Herschel Daugherty

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Herschel Daugherty
Herschel Eldon Daugherty

(1910-10-27)October 27, 1910
DiedMarch 5, 1993(1993-03-05) (aged 82)
Occupation Television and film director, actor
Years active1943–1975

Herschel Eldon Daugherty (October 27, 1910 March 5, 1993) was an American television and film director and occasional actor.


Early life and career

Born in Clarks Hill, Indiana, to Charles Emerson and Blanche Eracene Daugherty (né Feerer), [2] [3] Daugherty graduated from Whittier College in 1934 and was awarded a scholarship to the Pasadena Playhouse School of the Theater, where he later served as one of its associate directors. [4] In 1942, Daugherty was signed by Warner Brothers as a dialogue director, [5] in which capacity he served for roughly a decade before moving to TV as a full-fledged director. During that period, he also had a number of small acting roles, most of them uncredited. Speaking in 1979, he recalled, "I was in front of a camera just long enough to know I'd do best behind it. It's much easier to tell people what to do." Daugherty's own difficulties onscreen informed his approach to directing:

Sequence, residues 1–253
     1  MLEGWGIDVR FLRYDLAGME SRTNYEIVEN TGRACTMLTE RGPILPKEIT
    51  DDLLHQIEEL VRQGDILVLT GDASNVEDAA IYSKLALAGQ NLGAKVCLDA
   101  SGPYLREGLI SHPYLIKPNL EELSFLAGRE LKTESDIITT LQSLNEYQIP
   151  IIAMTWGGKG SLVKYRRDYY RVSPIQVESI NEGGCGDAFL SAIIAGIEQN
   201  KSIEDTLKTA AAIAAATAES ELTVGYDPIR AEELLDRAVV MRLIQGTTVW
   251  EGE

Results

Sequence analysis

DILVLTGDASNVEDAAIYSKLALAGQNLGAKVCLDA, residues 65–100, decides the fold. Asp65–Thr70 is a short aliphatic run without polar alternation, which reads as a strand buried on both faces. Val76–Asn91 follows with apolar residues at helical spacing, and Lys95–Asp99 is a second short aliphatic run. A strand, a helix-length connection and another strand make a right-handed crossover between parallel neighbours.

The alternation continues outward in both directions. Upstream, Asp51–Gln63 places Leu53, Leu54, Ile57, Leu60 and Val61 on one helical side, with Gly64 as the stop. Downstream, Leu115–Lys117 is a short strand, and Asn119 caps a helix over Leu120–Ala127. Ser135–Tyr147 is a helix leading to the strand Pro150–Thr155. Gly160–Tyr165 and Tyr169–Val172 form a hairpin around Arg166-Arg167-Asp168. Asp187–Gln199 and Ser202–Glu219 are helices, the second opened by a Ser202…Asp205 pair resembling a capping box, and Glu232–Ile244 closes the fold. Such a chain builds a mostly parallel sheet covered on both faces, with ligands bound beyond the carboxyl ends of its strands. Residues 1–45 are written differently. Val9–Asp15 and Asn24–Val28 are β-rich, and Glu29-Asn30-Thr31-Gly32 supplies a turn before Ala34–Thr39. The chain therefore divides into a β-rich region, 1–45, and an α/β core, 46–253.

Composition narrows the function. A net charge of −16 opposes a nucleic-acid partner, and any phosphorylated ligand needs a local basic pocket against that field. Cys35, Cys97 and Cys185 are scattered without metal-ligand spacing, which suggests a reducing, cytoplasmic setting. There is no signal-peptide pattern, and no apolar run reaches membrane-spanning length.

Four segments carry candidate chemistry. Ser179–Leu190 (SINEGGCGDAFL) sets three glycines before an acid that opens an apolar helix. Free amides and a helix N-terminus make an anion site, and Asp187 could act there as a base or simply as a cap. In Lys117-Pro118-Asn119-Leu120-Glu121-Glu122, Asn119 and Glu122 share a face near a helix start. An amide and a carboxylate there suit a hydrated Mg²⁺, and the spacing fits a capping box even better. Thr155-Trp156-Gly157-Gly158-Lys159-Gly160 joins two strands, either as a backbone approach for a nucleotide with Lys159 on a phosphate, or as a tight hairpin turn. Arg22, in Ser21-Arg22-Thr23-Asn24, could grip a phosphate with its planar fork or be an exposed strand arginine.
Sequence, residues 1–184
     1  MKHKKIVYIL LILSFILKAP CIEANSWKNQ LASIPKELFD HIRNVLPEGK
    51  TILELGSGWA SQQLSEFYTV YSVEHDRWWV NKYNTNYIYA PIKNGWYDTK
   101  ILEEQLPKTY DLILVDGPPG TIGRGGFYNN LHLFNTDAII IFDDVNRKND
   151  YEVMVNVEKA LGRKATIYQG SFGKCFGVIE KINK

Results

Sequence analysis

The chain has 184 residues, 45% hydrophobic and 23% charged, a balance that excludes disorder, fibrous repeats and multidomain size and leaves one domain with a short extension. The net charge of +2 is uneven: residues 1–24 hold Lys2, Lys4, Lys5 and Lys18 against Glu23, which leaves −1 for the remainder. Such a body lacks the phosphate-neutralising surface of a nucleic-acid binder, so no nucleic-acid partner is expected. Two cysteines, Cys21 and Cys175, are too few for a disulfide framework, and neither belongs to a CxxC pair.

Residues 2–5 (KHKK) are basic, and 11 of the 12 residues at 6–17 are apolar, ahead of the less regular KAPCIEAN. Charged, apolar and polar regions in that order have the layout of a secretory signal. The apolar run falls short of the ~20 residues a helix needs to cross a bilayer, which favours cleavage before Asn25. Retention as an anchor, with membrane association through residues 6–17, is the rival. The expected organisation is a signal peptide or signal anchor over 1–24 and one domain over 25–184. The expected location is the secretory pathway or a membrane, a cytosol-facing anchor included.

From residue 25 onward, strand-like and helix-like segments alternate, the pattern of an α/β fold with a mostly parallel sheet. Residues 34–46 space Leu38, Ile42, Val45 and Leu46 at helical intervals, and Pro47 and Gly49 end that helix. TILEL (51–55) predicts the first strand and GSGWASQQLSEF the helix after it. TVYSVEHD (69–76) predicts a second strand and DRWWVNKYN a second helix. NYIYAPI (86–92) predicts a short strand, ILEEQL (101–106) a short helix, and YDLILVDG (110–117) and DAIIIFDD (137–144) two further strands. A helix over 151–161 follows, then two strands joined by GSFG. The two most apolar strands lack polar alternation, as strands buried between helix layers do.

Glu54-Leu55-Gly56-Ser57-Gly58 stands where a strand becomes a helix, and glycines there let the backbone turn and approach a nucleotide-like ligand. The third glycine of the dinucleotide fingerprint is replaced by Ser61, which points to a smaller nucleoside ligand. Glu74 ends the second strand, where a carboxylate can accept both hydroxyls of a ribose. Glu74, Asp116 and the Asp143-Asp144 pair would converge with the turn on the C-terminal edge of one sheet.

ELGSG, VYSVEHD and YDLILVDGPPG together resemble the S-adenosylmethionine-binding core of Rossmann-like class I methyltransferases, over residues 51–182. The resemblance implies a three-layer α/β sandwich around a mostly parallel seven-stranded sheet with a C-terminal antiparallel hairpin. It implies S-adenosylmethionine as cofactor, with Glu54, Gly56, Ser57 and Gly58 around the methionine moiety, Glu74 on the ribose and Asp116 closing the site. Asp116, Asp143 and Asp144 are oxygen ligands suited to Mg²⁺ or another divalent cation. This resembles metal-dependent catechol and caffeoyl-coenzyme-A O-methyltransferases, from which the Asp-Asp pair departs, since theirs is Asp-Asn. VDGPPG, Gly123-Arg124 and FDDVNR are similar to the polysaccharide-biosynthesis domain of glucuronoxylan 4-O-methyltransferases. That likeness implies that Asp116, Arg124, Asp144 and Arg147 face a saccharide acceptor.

I like to think I was a coach. Something like Knute Rockne. I want to make it possible for actors to play over their heads, to desire to be better than ever before. I want to give them faith in themselves, to believe in themselves. [...] I never figured there was any point in being like DeMille or some of the others. I watched him tear a young actress apart one day. He had already destroyed her, but he kept going on and on. I realized then there's no way you can act when someone's yelling at you. I was determined that wasn't going to be my approach. [6]

As to just what that approach was and how it differed from DeMille, some comments made in November 1956 by Piper Laurie, then a soon-to-be 25-year-old, studio-promoted starlet—struggling to break free from that image and fresh on the heels of co-starring in a film under Daugherty's direction—may be helpful.

I'm not the most experienced actress in the world. I would like to be, and I found more attention given to my acting on "The Road That Led Afar" than in most of the pictures I've played. [...] In this role the directors have given me a sense of freedom in acting for the first time in my life. [7] [lower-alpha 1]